IN FACIAL palsy due to operative trauma or to fracture of the temporal bone, the nerve may be completely torn across and the patient will never recover facial movements unless nerve grafting is performed. In other cases of facial palsy the nerve looks perfectly healthy, and in these the palsy is probably due to an interference with the blood supply of the nerve. Most of these palsies will clear up spontaneously but some may not.
If the blood supply to the facial nerve is interrupted an ischemic facial palsy follows. If the circulation is blocked for a prolonged period the neural tissue will degenerate and extraneural and intraneural scar tissue will develop. In this case the conductive power will be just as effectively destroyed as if the nerve had been cut. The degree and the duration of the impairment of circulation determines the pathological processes which arise in and around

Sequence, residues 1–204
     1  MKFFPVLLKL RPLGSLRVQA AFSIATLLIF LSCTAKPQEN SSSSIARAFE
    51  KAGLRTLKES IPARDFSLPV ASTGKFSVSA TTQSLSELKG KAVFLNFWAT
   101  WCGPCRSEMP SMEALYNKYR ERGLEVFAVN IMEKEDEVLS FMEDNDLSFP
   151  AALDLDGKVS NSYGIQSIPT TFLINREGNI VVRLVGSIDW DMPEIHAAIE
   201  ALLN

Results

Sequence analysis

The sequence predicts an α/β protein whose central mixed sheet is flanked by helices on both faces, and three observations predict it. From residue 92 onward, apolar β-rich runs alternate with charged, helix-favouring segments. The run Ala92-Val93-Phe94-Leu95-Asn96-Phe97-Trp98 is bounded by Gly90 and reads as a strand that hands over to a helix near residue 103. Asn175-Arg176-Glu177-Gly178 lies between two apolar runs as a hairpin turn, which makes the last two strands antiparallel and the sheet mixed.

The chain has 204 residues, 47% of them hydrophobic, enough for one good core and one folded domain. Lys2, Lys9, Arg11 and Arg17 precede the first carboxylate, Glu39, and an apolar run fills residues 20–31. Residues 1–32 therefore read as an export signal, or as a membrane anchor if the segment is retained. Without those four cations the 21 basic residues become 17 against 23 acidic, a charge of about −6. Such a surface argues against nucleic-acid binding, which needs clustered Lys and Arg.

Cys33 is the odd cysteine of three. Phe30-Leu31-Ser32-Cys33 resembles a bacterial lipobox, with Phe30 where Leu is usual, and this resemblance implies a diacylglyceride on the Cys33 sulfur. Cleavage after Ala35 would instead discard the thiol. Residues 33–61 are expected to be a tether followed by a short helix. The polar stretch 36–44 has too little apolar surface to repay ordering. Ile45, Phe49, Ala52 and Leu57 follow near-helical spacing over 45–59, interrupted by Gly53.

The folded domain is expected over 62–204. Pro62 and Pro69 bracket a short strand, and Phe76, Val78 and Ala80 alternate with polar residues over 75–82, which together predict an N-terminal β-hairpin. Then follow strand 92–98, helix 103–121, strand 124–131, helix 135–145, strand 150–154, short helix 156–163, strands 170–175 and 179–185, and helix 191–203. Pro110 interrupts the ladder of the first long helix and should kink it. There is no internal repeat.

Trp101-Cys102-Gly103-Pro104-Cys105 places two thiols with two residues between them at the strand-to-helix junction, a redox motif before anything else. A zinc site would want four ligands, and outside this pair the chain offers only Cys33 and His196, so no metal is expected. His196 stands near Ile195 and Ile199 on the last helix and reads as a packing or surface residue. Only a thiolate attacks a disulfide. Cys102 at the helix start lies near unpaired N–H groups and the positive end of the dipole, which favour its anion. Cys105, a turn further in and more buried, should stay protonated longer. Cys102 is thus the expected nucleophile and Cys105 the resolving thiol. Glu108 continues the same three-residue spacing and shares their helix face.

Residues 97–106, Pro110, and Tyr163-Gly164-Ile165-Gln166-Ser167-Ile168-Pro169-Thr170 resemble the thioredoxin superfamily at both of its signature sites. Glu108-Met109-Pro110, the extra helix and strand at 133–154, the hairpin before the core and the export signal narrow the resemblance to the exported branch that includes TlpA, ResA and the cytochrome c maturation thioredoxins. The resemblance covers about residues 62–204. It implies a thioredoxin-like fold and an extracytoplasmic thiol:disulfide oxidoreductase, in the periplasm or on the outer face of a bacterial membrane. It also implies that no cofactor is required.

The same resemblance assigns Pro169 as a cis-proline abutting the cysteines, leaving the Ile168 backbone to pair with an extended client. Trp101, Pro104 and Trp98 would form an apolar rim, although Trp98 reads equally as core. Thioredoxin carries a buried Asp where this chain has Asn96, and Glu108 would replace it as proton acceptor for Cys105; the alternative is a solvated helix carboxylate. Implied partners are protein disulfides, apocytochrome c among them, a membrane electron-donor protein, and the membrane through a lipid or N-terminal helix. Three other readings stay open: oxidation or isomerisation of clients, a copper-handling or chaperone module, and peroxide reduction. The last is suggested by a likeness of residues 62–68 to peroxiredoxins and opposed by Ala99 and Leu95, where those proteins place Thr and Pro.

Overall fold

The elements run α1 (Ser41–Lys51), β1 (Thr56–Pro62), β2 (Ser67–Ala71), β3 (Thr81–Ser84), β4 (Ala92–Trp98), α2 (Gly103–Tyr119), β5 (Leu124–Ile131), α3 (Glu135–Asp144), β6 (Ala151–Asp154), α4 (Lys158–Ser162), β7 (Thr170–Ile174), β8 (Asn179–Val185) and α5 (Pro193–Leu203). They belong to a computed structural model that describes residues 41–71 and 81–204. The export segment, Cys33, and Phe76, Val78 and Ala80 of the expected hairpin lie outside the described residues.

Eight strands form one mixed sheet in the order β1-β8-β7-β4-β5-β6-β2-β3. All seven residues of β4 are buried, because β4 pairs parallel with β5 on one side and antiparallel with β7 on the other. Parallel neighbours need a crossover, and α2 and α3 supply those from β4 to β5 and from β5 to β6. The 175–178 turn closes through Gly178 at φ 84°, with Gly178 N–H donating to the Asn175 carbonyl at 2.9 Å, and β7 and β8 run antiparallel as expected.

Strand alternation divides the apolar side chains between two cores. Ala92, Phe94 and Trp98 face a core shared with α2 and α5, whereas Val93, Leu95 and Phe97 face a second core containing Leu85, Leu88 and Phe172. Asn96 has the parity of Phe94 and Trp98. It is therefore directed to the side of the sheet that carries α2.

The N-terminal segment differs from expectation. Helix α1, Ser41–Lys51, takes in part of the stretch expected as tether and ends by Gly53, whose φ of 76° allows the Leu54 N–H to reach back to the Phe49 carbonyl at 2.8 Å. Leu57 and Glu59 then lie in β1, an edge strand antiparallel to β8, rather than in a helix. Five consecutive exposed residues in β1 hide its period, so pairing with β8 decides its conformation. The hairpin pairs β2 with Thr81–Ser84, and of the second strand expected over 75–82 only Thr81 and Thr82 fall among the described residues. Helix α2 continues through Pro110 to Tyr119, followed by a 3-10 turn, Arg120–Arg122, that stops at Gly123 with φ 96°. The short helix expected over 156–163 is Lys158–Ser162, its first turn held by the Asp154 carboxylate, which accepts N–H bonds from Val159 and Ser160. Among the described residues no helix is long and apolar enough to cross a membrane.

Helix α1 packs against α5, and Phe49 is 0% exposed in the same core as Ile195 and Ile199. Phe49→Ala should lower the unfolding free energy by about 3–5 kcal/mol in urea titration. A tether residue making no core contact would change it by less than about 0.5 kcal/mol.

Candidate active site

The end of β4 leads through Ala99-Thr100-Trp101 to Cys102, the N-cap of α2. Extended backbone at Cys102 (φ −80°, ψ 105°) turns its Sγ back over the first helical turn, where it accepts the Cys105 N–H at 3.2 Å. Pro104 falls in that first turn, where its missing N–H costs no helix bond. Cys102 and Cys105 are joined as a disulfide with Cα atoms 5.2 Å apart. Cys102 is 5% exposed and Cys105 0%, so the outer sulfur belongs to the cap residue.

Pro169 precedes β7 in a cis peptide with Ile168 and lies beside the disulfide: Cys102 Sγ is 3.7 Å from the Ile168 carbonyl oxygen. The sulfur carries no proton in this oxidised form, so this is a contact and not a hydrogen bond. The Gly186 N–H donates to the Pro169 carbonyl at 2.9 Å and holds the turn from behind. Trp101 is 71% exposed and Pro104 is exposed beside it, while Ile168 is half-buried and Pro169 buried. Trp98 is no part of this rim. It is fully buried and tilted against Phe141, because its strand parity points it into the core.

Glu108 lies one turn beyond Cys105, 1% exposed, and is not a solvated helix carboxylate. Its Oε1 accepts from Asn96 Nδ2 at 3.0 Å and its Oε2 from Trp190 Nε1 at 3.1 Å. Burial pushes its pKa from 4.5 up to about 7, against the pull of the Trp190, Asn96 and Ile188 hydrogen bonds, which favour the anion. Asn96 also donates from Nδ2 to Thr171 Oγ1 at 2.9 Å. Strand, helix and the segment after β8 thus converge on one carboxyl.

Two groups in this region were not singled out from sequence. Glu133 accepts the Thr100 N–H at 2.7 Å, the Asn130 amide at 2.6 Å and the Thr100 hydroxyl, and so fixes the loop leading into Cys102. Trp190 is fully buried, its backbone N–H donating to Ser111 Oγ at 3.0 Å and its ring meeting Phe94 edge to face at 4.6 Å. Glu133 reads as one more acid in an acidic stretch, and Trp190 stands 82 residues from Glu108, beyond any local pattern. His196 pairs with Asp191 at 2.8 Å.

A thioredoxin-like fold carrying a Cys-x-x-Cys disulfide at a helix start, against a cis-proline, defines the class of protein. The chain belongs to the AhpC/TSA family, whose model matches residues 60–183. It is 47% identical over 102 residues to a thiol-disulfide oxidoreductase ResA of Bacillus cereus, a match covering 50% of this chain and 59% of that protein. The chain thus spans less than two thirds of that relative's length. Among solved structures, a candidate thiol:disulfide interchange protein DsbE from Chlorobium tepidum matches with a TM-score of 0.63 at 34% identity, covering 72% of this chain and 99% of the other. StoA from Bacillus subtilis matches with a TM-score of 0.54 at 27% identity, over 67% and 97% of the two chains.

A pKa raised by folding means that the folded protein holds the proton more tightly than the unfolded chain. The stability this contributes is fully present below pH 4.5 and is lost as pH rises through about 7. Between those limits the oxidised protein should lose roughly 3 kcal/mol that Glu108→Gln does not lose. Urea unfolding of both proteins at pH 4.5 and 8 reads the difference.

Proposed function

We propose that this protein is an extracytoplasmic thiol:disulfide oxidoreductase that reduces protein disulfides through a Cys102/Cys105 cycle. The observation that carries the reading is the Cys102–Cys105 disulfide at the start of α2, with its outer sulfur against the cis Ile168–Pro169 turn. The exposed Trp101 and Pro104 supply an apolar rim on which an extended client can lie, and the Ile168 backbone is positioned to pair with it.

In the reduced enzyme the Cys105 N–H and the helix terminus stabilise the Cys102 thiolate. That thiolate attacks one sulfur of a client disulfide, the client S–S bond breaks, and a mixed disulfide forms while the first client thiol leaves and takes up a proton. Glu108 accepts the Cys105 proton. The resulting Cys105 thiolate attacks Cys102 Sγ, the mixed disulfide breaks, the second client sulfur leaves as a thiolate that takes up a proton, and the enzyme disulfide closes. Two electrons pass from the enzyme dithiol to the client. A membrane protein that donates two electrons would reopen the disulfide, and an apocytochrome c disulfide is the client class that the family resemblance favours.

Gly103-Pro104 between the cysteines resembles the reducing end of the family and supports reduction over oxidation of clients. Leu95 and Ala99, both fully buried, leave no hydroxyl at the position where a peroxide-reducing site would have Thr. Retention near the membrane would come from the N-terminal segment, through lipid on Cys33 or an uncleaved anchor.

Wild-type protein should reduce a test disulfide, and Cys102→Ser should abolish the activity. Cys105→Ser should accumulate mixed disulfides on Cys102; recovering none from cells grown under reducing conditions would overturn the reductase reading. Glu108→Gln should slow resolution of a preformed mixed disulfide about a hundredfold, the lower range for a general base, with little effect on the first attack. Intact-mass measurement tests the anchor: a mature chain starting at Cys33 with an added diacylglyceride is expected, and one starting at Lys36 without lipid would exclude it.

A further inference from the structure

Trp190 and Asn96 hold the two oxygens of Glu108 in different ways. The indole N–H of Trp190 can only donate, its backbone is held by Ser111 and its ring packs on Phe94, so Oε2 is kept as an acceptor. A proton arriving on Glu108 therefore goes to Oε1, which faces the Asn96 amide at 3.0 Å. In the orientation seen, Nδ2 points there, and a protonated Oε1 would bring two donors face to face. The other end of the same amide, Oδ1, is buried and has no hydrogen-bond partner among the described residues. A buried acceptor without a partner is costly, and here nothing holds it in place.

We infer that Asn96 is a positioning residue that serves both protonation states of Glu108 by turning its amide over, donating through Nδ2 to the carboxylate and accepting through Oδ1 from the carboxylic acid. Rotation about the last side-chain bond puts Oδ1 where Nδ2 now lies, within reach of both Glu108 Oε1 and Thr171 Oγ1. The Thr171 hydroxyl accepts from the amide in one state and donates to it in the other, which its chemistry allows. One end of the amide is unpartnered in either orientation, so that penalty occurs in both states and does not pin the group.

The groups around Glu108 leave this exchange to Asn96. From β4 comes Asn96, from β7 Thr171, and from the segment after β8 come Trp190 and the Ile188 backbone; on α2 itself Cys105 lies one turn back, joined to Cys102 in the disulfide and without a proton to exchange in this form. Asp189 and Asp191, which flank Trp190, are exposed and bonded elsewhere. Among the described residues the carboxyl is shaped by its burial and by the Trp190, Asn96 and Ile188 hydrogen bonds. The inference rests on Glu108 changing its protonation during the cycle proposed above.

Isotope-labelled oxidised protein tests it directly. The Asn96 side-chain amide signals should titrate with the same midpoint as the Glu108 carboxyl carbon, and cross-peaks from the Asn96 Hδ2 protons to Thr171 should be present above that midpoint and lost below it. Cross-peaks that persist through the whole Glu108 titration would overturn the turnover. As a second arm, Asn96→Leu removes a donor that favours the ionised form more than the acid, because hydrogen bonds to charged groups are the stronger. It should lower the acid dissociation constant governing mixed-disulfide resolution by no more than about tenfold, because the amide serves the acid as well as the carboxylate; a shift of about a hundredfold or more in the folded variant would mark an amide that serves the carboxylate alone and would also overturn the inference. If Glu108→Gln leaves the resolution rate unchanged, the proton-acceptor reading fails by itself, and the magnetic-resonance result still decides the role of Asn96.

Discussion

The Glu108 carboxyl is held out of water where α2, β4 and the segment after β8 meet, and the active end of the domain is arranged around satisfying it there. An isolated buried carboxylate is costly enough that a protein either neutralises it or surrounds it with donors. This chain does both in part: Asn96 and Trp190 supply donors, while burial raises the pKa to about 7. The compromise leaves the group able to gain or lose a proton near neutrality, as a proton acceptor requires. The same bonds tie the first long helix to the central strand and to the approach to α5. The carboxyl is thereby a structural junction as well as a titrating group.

KETTEL K. Degeneration of the Facial Nerve: Nerve Transformed Into Connective Tissue in Chronic Cholesteatomatous Otitis Media. Arch Otolaryngol. 1966;83(6):517–519. doi:10.1001/archotol.1966.00760020519005
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